‘Clueless’ about the cost of long term care


A new report by the Chartered Insurance Institute (CII) shows that four in five people do not know the cost of long term care, and even more worryingly a staggering 50% think it is provided free of charge.

The report from the CII called, “Who cares?” shows that the public is generally unaware of the cost of long term care and the need to make provision to meet these costs.

Pension shortfall

The current average care bill is £26,000 per year with the average stay in a care home lasting for two years.

Pensioners currently have an average income of £10,000 per year, leaving a huge funding shortfall, which the report confirms.

Director of policy and public affairs at the CII, David Thomson, said: “There is clearly a massive disconnect between public perception and reality. 80% of the public have no idea of how much their long-term care will cost and consequently are unlikely to be making any provision to meet that cost. Even more worrying is that 50% of the public think long-term care is entirely free at the point of use. The reality is starkly different.”

He continued: “Our research shows MPs have very little appetite for a model that is fully funded by the state, over 50% preferring instead a partnership model similar to that outlined by the Dilnot Commission. Yet even with a model as outlined by the Dilnot Commission the funding deficit still remains significant, meaning people will have to consider using capital tied up in non-pension assets such as property.”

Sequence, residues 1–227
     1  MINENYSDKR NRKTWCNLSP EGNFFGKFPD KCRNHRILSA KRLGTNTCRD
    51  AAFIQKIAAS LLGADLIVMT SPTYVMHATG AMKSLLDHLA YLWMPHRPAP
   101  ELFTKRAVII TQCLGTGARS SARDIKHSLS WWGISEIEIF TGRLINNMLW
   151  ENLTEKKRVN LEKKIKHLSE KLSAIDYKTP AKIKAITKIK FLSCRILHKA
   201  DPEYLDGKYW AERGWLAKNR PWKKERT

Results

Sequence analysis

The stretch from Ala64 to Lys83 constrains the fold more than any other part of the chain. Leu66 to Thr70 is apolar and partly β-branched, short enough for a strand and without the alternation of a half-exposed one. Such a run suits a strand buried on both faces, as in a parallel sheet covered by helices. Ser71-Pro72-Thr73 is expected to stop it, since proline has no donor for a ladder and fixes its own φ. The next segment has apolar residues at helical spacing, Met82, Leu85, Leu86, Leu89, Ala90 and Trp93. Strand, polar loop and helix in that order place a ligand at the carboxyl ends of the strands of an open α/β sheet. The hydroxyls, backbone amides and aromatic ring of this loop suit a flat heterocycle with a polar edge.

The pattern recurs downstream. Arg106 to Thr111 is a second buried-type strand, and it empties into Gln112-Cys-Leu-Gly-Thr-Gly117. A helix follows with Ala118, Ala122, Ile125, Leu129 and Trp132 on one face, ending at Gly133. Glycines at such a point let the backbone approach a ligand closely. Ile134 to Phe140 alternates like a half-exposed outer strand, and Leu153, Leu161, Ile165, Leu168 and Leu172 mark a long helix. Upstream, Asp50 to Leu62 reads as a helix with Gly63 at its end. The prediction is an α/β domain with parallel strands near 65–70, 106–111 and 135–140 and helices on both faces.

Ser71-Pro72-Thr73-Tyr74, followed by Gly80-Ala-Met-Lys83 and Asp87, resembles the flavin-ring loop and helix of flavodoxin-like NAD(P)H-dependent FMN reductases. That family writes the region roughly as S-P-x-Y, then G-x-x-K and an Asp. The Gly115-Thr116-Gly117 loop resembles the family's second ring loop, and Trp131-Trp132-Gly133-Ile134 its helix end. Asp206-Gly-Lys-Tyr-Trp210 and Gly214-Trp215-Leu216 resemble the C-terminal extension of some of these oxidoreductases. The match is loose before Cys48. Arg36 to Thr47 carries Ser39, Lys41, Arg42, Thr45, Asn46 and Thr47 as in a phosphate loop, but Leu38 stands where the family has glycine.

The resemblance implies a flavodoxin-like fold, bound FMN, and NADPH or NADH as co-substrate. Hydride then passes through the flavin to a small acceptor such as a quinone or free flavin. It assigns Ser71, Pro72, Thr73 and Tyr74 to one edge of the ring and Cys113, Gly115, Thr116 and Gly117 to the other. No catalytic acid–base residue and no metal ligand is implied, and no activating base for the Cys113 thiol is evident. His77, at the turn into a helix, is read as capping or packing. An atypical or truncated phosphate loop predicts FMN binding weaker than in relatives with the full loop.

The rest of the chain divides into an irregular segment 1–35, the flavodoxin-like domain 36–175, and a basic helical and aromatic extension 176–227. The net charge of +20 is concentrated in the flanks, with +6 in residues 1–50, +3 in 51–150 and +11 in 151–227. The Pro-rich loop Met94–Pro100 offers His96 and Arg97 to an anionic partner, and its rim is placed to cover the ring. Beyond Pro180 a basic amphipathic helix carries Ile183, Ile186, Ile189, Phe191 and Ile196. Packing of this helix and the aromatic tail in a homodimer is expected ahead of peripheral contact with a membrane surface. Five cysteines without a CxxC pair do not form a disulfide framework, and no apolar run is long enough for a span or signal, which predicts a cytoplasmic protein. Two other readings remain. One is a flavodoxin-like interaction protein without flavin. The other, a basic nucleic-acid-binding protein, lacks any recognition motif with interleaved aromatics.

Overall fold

Dilnot Commission

The Dilnot Commission was set up to make recommendations for the future of long term care. When it reported earlier in the year it recommended a fundamental shake up of how costs of long term care are met.

The report recommended capping the amount that an individual would have to pay during their lifetime for their long term care at £35,000. Above the cap the state would meet the cost, regardless of the wealth of the person receiving care.

In addition people would still be liable for costs of accommodation and food whilst in care, however this would be capped at £10,000 per year.

At present the state offers no help to the costs of care if an individual has assets over £23,250, the commission recommended that this level be increased to £100,000.

If considered together these two recommendations would ensure that no individual would spend more than 30% of their overall wealth on the costs of care, This is significantly lower than today, when it is possible that someone in care could spend up to 90% of their assets on the cost of care.